The IRS Form 14653, Certification by U.S. Person Residing Outside of the United States for Streamlined Foreign Offshore Procedures; and Form 14654, Certification by U.S. Person Residing in the United States for Streamlined Domestic Offshore Procedures are both part of the two Streamlined Filing Programs. These include ‘Streamlined Domestic Offshore Filing Compliance Procedure’ (Domestic Program) and ‘Streamlined Foreign Offshore Filing Compliance Procedure’ (Foreign Program)
Taxpayers are required to file either one of these forms to make the certifications necessary to comply with the Streamlined Filing Compliance Program they are participating in. The two forms are different depending on whether the taxpayer is residing inside or outside the United States.
In June 2016, the IRS issued modified forms to address additional information requirements. The following is a brief overview of both Form 14653 and Form 14654 requirements during the Streamlined Compliance Filing Procedure.
Overview of Streamlined Filing Form 14653 & Form 14654
Form 14653 and Form 14654 are filed in the preliminary stage of Streamlined Filing. To qualify for the Streamlined procedures taxpayers must certify that their failure to comply was due to non-willful conduct. In the case of both these forms, the IRS added a ‘Statement of Facts’ section in which the taxpayer needs to provide valid reasons for the failure to file the required tax information form.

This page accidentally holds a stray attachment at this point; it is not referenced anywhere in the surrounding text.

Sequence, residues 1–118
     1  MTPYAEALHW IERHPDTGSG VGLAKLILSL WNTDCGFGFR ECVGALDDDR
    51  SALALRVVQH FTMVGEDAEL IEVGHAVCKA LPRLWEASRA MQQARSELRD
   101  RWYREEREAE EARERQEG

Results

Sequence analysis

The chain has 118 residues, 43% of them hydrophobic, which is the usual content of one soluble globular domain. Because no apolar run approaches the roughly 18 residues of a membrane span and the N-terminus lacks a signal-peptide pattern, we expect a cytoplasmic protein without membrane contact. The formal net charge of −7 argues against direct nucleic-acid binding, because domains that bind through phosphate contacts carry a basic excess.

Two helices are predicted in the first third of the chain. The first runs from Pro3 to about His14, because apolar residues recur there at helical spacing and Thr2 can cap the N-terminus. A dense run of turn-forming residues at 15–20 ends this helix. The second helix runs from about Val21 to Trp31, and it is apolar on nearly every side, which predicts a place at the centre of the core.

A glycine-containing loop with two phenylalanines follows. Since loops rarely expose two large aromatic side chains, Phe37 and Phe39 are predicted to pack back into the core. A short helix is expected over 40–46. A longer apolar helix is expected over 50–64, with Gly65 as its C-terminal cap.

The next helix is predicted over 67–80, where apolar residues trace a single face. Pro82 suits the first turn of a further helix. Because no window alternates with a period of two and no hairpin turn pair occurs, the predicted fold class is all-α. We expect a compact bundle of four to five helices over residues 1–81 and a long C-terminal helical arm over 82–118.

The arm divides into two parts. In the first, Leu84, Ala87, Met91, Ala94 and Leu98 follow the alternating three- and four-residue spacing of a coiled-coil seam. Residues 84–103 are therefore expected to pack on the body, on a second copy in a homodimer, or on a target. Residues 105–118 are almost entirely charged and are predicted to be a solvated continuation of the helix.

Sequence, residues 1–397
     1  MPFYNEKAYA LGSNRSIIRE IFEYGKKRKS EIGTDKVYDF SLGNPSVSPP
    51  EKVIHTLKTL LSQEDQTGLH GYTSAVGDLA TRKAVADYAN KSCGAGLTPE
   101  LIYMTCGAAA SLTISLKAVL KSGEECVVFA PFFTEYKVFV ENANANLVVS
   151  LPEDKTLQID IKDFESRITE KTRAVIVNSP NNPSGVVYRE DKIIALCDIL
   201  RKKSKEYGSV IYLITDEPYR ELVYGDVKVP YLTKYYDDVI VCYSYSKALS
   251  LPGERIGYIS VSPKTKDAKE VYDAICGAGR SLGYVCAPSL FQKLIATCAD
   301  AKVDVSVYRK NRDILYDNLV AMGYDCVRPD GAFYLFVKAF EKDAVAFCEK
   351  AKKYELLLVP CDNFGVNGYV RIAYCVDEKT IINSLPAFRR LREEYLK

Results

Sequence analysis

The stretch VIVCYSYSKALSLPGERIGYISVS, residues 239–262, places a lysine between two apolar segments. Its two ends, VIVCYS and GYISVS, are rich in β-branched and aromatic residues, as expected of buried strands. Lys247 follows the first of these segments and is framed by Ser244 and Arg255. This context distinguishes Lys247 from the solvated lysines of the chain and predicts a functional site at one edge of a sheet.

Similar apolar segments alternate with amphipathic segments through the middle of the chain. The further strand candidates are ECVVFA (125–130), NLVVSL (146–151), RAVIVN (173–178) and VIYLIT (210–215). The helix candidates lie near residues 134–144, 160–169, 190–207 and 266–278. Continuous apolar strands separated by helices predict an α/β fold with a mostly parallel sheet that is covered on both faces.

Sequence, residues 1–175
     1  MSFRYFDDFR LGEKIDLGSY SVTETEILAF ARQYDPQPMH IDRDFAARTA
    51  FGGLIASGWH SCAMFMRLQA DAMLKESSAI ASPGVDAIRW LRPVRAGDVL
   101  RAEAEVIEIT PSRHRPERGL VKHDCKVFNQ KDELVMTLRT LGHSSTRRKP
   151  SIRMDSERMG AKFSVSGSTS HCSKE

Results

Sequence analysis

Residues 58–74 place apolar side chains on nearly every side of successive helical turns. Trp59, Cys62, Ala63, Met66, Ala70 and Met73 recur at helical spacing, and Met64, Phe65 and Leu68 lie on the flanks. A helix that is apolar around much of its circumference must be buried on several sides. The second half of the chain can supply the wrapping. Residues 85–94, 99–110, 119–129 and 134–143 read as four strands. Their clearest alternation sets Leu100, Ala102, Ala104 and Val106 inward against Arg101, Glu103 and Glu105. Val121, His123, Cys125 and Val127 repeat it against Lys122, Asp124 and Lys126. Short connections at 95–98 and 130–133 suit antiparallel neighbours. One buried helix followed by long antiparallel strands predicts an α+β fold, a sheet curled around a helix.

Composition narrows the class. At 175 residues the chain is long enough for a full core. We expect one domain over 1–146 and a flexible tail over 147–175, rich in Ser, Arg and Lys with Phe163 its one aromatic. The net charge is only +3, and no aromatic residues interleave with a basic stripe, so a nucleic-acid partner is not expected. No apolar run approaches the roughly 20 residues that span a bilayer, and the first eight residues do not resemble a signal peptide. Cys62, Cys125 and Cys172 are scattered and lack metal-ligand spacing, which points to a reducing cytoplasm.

Taxpayers need to submit the original form along with delinquent or amended tax returns and information returns, such as: FBAR, Form 8938, etc. that are being filed through the Streamlined Filing Procedure. In addition, a copy of the fact statement needs to be attached to each of these filed tax and information returns.
In the ‘Statement of Facts’ section, the updated forms expanded the instruction and now ask the taxpayer to “Provide specific reasons for your failure to report all income, pay all tax, and submit all required information returns, including FBARs. Include the whole story including favorable and unfavorable facts. Specific reasons, whether favorable or unfavorable to you, should include your personal background, financial background, and anything else you believe is relevant to your failure to report all income, pay all tax, and submit all required information returns, including FBARs. Additionally, explain the source of funds in all of your foreign financial accounts/assets. For example, explain whether you inherited the account/asset, whether you opened it while residing in a foreign country, or whether you had a business reason to open or use it. And explain your contacts with the account/asset including withdrawals, deposits, and investment management decisions. Provide a complete story about your foreign financial account/asset. If you relied on a professional advisor, provide the name, address, and telephone number of the advisor and a summary of the advice. If married taxpayers submitting a joint certification have different reasons, provide the individual reasons for each spouse separately in the statement of facts.”